Thus we see how God turned the counsels of Ahithophel

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CHAPTER IV.

CAUSES THAT LED TO THE AMERICAN REVOLUTION.—DE- „ STRUCTION OF THE TEA, &C

The destruction of the Gaspee schooner, at, or near to Providence, greatly incensed the Parliament, and they passed an act under the following title—" An act for the better securing his majesty's dock-yards, magazines, ships, ammunition, stores &c." by which the penalty of death was denounced against all, who should destroy, or aid, and assist in destroying, any of the articles named in this act,, and also subjected the. offenders to a trial in any shire, or county iu Great Britain.

Armed by the powers of this act, Parliament nex-t proceeded to pass another act, authorising the East-India company to export their own teas, with the power of collecting the duty of three pence per pound, reserved to government, on all teas landed in the American colonies.

The company were aware of the evils that might attend such an exportation, under such a duty, and offered to the minister to pay a duty of six-pence per pound on all teas exported, if they would withdraw the colonial duty of three pence ; but this was rejected, and the company shipped 600 chests of tea to Philadelphia—600 to New-York and Boston, and a general distribution, in the like proportion, through the other colonies.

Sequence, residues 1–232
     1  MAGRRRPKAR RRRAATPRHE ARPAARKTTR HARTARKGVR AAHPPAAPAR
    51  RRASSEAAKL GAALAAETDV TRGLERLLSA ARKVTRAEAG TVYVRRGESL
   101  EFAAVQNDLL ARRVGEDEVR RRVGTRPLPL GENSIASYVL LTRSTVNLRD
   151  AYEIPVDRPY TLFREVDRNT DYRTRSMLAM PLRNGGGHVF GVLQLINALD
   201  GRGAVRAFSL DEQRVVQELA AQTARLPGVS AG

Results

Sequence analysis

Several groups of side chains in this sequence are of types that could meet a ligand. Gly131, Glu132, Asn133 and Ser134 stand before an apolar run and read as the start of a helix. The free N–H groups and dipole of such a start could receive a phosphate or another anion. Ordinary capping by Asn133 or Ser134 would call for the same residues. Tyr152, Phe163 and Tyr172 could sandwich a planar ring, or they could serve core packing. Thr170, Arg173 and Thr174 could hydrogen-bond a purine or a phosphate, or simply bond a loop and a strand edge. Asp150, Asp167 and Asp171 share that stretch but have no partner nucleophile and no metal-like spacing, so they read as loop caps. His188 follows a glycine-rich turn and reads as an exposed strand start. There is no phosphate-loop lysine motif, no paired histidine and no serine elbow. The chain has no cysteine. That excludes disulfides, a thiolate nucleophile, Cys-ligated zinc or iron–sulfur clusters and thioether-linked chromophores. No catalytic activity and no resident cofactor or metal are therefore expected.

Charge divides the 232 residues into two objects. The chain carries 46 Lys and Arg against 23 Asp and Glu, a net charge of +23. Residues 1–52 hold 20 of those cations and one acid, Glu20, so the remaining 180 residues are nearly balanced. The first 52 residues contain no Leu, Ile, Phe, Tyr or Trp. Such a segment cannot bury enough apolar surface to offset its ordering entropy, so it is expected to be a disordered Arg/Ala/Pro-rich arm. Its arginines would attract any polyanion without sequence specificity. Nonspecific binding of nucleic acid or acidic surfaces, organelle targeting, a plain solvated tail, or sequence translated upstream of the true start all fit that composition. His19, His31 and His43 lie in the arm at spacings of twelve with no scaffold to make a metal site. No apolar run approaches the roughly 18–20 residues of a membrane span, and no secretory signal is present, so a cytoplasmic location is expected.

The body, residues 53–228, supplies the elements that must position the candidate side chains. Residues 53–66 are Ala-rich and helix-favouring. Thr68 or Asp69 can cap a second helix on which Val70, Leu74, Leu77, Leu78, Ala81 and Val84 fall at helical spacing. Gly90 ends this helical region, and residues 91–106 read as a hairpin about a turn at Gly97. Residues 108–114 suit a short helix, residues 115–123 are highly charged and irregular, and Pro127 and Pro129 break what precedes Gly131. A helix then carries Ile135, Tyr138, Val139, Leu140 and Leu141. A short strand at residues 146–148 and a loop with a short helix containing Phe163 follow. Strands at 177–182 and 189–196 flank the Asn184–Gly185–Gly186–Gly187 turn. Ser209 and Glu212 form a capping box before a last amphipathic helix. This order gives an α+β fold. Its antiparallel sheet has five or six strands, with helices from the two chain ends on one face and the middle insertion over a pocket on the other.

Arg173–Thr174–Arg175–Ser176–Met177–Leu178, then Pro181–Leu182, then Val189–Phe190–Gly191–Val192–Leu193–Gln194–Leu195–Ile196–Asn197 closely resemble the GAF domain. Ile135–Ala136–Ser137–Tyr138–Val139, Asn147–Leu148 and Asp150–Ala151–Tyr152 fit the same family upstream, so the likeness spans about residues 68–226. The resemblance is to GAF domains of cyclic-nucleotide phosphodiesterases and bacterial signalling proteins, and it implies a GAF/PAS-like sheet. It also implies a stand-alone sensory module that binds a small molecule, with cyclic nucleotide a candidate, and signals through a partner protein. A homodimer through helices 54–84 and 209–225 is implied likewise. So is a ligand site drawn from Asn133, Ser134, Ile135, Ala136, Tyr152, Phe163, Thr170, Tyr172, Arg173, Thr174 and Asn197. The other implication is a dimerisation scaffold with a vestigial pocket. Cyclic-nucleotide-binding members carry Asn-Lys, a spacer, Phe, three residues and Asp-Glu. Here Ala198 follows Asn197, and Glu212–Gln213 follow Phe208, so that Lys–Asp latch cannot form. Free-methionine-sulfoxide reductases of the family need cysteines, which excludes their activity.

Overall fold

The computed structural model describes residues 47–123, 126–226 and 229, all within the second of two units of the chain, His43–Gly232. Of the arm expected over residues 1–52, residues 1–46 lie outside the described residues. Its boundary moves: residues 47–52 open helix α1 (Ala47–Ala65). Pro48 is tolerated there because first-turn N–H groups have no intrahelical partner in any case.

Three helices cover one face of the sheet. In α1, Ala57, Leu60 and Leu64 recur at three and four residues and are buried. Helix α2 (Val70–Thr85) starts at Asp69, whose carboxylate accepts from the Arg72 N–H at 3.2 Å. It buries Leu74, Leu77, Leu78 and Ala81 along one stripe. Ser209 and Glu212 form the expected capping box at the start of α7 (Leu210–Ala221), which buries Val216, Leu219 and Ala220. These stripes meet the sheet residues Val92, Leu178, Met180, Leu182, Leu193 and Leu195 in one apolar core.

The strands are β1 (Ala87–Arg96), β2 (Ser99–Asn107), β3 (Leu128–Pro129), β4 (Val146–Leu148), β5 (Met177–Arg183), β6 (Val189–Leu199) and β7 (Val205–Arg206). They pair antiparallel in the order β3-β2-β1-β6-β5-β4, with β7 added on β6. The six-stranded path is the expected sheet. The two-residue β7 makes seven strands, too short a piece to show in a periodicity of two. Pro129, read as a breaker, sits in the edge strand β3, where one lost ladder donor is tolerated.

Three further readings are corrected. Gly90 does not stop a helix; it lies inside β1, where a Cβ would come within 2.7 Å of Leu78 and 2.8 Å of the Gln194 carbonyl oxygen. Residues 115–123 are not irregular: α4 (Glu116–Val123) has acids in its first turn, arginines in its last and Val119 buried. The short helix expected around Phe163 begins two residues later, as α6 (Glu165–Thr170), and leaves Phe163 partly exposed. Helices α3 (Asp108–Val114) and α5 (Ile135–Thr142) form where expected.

The measure was rightly appreciated in America, and the refusal of the ministers to the offer of the East-India company, would have confirmed the views of the ministry, of riveting their system of taxation upon the colonies, through the medium of the duty on tea, had not their minds been firmly fixed before. The merchants of Philadelphia well kn«w that the merchants of Boston had not very religiously kept their non-importation agreement upon the article of tea; but had indulged so freely, as to have imported, in deliance of that agreement, more than 2000 chests of tea. Accordingly Mr. Thomas Mifflin, a noted merchant of Philadelphia, being present at Boston, put the question home to these sons of liberty— "Will you resist the landing of this tea? if you will, I will be answerable for Philadelphia. To which they readily assented, and pledged their honor. The citizens of Philadelphia immediately convened, and appointed a committee to wait on the merchants, who were appointed te receive, and sell the tea, and request their immediate resignation, which was promptly complied with, and a correspondence for mutual support, as well as resistance to the landing of the tea, was entered into between Philadelphia, and Boston. The sons of liberty in New-York, entered -into similar measures, which were supported by handbills and other spirited publications, cautioning, and warning the public against the danger that awaited their liberties, under the specious mask of a duty on tea; threatening with vengeance also, all such as should in any way be accessary to receiving, or selling the tea. lu these publications, the tea was termed the fetters and chains of liberty; and destruction denounced against any, and all who should presume to aid, or assist in landing the fetters, and chains, for the destruction of liberty. These pieces were signed Legion, Mohawks, fyc. The same measures were pursued in Philadelphia, and the' same resignation of the consignees became common in both these places; but the consignees in Boston refused; town meetings were called, and a committee appointed to wait on them, to press their resignation; but without effect; they were supported by the governor, and absolutely refused. Governor Hutchinson convened his council for advice, upon the best measures for keeping the